New York Newsday - September 25, 1980

For Rose, a September to Cherish


By Joe Donnelly


PHILADELPHIA – If a negative thought enters Pete Rose’s mind, he tries to discard it. It keeps him plunging ahead and eager to play every game in a season in which he will not get 200 hits, and will fail to hit .300 for only the second time since 1964. "All I can do now, baseball’s most aggressive 39-year-old said, "is try and get the timely hits.”


One came last night, a bouncing single up the middle that scored pinch-runner Jay Loviglio from second base in the 10th inning and gave the Phillies a 1-0 victory over the Mets. The hit allowed the Phillies to remain within half a game of the first-place Expos in the National League East. It was not much of a hit. About all that can be said for it is it got the job done.


Rose was 0-for-15 and batting .280 when he carne to the plate against Neil Allen with one-out the 10th. There have been, so many Septembers in his outstanding career, but this is the kind he likes best, despite his slump. "Last year I had 51 hits in September batting .421, but the club wasn’t a winner, he said.


"My goal every year when I go to spring training is to make the playoffs and win the last game you play. We’ve got a good chance to do that, so it makes this a better September, so far. You want to do well personally, but it’s how you fare as a team that can promote the greatest satisfaction.”


Two other veterans had set the inning in motion for the Phillies. Pinch-hitter Del Unser, batting for Bob Boone, opened with a single against Allen, who was in his third inning after Mets starter Ed Lynch, a rookie, had pitched seven innings of two-hit ball. To pinch hit for Tug McGraw, who has been outstanding since coming off the disabled list July 17 (allowing three earned runs in 41 innings for a 0.66 eamed-run average), manager Dallas Green sent up Tim McCarver.


“Timmy wasn’t only activated so he could become part of the trivia game one of those who have played major-league ball in four decades,” Green said. The man can still execute the fine points of the game.” McCarver laid down an excellent sacrifice bunt, moving Loviglio, who was running for Unser, into scoring position. It was McCarver’s third at-bat of the season, and he said, "I hope I get another at-bat and don’t end my career with a sacrifice. I’d rather go down swinging.”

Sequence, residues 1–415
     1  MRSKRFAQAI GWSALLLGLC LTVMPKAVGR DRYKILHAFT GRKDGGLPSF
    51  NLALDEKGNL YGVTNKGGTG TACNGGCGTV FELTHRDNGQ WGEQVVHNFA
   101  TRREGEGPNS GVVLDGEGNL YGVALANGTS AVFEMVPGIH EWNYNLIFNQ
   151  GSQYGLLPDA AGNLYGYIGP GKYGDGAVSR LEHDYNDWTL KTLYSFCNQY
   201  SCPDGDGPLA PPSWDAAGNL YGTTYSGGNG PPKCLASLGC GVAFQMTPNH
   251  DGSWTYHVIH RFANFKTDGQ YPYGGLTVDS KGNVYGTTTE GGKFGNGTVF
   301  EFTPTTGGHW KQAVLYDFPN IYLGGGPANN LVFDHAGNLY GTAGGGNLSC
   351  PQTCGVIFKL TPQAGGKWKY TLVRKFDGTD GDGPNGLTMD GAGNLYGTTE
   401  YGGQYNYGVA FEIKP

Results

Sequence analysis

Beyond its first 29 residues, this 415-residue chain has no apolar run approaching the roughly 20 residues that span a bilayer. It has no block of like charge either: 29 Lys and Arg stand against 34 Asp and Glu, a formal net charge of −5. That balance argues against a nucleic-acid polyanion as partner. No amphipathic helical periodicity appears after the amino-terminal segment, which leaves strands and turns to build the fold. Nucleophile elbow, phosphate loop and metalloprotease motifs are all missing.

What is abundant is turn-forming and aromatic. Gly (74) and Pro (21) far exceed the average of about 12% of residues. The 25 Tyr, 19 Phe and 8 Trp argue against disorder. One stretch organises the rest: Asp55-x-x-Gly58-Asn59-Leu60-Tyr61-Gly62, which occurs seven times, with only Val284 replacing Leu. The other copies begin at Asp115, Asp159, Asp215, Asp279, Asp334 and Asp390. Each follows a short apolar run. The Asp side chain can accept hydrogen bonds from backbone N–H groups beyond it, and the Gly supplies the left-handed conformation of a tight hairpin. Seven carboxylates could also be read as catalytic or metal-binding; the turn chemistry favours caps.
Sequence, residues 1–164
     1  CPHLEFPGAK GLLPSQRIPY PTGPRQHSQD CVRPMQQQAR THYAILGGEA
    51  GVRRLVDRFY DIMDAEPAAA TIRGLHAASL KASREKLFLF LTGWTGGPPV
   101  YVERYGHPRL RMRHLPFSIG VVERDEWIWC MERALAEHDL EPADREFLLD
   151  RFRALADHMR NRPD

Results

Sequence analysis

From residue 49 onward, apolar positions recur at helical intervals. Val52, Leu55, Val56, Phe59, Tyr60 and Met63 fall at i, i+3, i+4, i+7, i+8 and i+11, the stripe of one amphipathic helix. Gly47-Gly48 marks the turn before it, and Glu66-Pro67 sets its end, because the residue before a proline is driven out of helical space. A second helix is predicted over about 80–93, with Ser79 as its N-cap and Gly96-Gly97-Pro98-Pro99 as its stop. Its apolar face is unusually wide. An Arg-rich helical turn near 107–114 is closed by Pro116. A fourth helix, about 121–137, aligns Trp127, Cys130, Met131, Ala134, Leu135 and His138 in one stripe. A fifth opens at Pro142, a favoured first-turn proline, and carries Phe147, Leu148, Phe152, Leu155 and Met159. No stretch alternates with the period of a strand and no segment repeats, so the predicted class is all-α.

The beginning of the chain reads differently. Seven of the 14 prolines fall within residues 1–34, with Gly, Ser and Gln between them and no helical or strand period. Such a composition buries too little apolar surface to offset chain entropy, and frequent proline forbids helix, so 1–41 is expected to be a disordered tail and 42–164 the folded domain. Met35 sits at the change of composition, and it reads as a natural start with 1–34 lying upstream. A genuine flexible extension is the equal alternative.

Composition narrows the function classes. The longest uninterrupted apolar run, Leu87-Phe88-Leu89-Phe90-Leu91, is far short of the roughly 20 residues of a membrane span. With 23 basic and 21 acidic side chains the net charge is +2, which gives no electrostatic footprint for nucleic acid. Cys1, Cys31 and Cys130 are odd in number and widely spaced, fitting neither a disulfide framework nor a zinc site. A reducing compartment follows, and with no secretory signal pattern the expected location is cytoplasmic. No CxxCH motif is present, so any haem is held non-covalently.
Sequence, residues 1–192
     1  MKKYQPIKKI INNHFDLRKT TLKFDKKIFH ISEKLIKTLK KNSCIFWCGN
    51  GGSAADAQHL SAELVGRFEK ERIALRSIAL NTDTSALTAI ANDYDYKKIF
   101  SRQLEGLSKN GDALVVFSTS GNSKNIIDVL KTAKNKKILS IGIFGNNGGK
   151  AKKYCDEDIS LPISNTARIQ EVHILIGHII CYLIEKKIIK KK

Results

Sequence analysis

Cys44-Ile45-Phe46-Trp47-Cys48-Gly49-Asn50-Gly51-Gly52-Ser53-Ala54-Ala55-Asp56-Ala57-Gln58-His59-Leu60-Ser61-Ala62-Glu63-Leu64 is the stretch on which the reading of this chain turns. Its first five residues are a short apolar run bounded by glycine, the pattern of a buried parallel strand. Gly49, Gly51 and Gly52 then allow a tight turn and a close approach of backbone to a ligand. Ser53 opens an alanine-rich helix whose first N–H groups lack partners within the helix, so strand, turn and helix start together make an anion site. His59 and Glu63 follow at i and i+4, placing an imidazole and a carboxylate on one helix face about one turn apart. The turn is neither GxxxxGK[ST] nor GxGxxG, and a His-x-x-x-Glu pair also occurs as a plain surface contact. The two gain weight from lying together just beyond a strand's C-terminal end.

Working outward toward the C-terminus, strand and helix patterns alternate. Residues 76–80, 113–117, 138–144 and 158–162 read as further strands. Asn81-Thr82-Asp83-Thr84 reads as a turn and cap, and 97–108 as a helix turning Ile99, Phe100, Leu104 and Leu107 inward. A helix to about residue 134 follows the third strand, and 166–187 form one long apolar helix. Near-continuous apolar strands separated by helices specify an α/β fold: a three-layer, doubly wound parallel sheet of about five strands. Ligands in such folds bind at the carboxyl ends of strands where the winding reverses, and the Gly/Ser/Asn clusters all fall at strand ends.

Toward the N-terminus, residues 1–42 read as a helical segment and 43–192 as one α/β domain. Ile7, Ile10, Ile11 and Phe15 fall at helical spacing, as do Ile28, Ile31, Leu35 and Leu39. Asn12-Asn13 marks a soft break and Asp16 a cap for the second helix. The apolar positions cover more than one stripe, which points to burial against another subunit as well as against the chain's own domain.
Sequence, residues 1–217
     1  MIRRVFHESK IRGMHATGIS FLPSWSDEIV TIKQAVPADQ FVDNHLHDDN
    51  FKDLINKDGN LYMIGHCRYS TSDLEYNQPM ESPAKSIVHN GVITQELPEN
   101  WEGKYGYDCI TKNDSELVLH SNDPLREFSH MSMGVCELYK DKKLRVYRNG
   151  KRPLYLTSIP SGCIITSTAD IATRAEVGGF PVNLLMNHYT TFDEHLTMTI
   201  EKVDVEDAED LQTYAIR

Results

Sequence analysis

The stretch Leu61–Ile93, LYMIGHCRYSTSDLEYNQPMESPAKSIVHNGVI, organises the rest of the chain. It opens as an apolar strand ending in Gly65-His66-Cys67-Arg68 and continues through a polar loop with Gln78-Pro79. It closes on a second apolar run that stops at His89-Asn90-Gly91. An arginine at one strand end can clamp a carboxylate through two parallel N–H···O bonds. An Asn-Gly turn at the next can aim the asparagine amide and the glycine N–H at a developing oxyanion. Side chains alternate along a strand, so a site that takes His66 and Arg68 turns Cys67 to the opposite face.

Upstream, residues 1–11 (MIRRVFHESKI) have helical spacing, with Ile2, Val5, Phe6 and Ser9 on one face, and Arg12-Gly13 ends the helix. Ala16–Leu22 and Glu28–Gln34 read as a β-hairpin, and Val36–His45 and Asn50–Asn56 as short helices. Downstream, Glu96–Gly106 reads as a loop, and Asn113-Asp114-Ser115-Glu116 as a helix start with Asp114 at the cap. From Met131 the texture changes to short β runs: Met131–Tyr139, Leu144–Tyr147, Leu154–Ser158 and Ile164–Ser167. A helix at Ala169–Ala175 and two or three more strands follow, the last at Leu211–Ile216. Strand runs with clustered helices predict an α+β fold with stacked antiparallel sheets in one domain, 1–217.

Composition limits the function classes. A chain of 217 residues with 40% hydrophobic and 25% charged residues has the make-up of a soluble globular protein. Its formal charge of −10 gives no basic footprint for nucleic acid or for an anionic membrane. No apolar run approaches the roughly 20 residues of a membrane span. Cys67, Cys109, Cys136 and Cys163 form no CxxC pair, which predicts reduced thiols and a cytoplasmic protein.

With one out and the lefthanded-hitting Bake McBride waiting on-deck, Rose knew one of the two would be walked so Allen could pitch to Mike Schmidt. "Don’t misunderstand, Rose said. "We all know Mike is the most dangerous long-ball hitter in the game. But he is righthanded, and Allen has that excellent curveball to go at him.”


It was the way Joe Torre was thinking. What Rose did not know was who would get pitches to hit, he or McBride. Rose found out quickly when Allen threw a snapping curve for a called strike one. "I thought he might be pitching around me,” said Rose, "but that first pitch told me he was coming at me. I just did get enough of his next pitch, a fastball in.”


Said Allen: "I tried to get a fastball in on his hands, and that’s pretty much where I got it. It wouldnt have been a hit anywhere but on artificial surface. But you can’t take anything away from him. He is Pete Rose, still one of the best clutch hitters in the game.


And Rose was heading home, knowing the six games the Phillies will play with the Expos, three here this weekend and the closing three in Montreal, are more critical than before. "I’m not looking ahead to 3 o’clock today,” he said, "when I call Sports Phone and see what the score in Chicago where the Expos play this afternoon is.”




Philadelphia (UPI) The Mets reactivated third baseman Phil Mankowski yesterday. Mankowski, acquired in an off-season trade with the Detroit Tigers, has been sidelined for all except 10 games this season because of injuries. He has been on the disabled list three times.